Here's the deal, you either love painted brick or you don't. You can love raw brick & painted brick but nobody ever seems to be on the fence about painted brick, the majority of people I meet don't like it. I love it! My husband....not so much, so I waited for him to go away & got to work.
I did a lot of research on this subject. Searched the internet for hours, talked to the guy at Lowe's until I was blue in the face & he was sick of me, I even took a picture of the fireplace & uploaded it into Photoshop CS5 & did a little "what it would look like" preview for my eyes. I was ready!
You will need:
mild dish soap
1 gallon of an OIL-based primer paint in white
1 gallon of ACRYLIC flat paint in color of your choice
2" or 3" thick nap paint roller
drop-cloths or plastic
Fill up your bucket with some hot water, add a few drops of the dish soap & swish it around. There is no need to have the rag or brick soaking wet when you are doing this., brick is porous & you must give it time to dry before painting it. A damp cloth will get the dust, dirt & cobwebs off & that is good enough. I did these 2 steps before I wen to bed & finished the next day, but I suggest you give the brick at least 2 hours to dry.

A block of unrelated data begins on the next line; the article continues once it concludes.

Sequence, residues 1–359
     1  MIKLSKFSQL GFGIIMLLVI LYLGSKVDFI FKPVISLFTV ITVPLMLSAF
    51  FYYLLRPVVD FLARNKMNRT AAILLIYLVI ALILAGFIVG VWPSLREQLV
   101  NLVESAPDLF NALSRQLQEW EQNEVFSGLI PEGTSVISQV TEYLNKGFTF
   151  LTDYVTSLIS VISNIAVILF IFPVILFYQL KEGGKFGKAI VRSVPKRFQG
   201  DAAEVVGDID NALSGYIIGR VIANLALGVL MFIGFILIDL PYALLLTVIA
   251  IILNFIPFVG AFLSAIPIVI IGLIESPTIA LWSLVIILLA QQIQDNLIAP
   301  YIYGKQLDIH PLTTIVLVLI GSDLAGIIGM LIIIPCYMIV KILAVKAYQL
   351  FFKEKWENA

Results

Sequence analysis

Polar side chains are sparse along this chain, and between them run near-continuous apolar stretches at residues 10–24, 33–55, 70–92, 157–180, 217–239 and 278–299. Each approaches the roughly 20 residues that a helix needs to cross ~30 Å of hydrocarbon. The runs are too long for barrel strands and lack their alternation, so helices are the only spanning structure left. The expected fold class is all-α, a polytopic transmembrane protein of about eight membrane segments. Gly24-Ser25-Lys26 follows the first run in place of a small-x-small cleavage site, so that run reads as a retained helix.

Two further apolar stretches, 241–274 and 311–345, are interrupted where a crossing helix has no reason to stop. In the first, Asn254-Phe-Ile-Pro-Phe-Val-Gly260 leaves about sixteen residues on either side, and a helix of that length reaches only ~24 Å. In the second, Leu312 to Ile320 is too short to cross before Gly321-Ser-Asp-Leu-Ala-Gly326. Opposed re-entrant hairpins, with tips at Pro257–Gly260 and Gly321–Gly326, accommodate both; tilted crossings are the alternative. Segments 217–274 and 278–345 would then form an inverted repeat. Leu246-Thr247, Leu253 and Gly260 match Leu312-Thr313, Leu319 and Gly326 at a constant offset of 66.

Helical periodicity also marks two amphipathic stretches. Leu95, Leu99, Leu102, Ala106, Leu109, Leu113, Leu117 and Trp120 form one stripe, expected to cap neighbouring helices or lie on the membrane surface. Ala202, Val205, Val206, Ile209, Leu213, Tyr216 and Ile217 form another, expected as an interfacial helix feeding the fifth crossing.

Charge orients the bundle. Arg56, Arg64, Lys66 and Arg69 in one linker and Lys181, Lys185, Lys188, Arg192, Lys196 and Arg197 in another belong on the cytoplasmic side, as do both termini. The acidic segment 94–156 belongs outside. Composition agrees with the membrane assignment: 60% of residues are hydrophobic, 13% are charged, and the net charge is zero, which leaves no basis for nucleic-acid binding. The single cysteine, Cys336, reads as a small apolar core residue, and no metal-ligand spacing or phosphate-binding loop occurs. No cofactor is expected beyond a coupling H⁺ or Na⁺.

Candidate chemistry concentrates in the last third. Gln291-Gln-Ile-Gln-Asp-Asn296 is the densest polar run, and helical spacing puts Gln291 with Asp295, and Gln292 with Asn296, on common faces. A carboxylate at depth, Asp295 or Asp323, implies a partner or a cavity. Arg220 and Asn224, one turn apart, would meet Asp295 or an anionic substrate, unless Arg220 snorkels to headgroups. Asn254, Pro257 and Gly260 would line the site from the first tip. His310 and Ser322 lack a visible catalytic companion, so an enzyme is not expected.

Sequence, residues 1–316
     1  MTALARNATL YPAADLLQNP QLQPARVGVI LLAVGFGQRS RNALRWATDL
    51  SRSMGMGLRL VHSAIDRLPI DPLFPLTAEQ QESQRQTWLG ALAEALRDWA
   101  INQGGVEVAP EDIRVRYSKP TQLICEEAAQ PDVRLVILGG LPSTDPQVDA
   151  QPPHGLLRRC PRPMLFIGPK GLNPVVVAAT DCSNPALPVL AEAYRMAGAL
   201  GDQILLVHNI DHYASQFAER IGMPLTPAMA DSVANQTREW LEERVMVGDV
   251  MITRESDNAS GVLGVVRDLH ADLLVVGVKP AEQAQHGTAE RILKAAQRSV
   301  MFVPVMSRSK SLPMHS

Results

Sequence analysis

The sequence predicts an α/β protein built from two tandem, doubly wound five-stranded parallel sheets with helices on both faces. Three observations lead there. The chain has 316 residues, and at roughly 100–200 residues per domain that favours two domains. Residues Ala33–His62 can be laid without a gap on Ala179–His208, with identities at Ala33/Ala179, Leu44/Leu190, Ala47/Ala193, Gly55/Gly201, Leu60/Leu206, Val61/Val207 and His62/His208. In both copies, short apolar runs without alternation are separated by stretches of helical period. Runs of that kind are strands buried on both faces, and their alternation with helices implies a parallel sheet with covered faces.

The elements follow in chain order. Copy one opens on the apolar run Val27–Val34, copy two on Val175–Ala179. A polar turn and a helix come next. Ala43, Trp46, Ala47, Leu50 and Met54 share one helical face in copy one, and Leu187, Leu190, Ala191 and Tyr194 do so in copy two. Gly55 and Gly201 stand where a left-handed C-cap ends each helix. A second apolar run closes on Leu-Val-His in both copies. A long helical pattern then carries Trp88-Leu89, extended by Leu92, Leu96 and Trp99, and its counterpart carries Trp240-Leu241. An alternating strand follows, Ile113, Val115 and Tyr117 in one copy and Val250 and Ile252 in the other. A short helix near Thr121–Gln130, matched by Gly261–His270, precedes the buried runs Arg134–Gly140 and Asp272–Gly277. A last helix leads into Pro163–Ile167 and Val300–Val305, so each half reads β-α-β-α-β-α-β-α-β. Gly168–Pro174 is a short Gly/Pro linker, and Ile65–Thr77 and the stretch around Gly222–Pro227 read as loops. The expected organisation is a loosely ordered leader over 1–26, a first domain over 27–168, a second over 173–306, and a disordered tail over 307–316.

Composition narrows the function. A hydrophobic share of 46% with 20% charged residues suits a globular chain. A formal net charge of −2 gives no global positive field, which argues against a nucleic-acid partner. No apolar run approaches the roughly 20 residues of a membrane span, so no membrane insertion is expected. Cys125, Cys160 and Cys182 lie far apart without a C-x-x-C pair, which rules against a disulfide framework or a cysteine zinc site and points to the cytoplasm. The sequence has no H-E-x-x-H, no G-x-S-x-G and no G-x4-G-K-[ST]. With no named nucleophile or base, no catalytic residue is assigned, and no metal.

Get out that thick, nappy roller....coat it really well & get to work. I wasn't sure what the reasoning was behind the 3" nap roller but I get it now. Having it that thick leaves a nice texture on your brick, it makes it look "naturally painted" - if that makes sense. I liked this roller because is reminded me of sheep fur....which reminded me of yarn....which made me want to go knot....but I controlled the urge & painted on.
I made a big mistake! I ignored one huge "rule of thumb" in the painting world. WORK FROM THE TOP DOWN! NOT FROM THE BOTTOM UP :-)
This made it a little harder for me to work on the top part & I had to wait for the paint to dry a little on the bottom before I continued on.
After you roll the entire fireplace, get the brush out & dig into the grout....this is time consuming & boring but the finished product is well worth it. I found that angling the brush & dabbing worked great. Also, coat that thick with paint, it goes faster.
Not gloss or semi-gloss, you'll regret that.
It is a Velspar Acrylic paint & about $20 a can. When I first put the paint on I didn't notice a huge difference in the color of the primer & the color of the paint but as it dried I realized the primer had a "bluish" tint to it.
IMPORTANT TIP: after applying the paint in he grout with the brush you will end up with "brushstrokes" on your brick, go back over the brick with the roller to make them disappear while the paint & the roller are still sticky. You won't want those "brushstrokes" on he brick.
Was my husband happy? No, not really, he freaked a bit, we had a spat but I think it's growing on him. He's over it....like I told him, I spend 80% of my time in the kitchen.....I'm the only one that has to like it.
Final Cost: $80 for paint & supplies + $60 for some new decorations for the mantle from Marshall's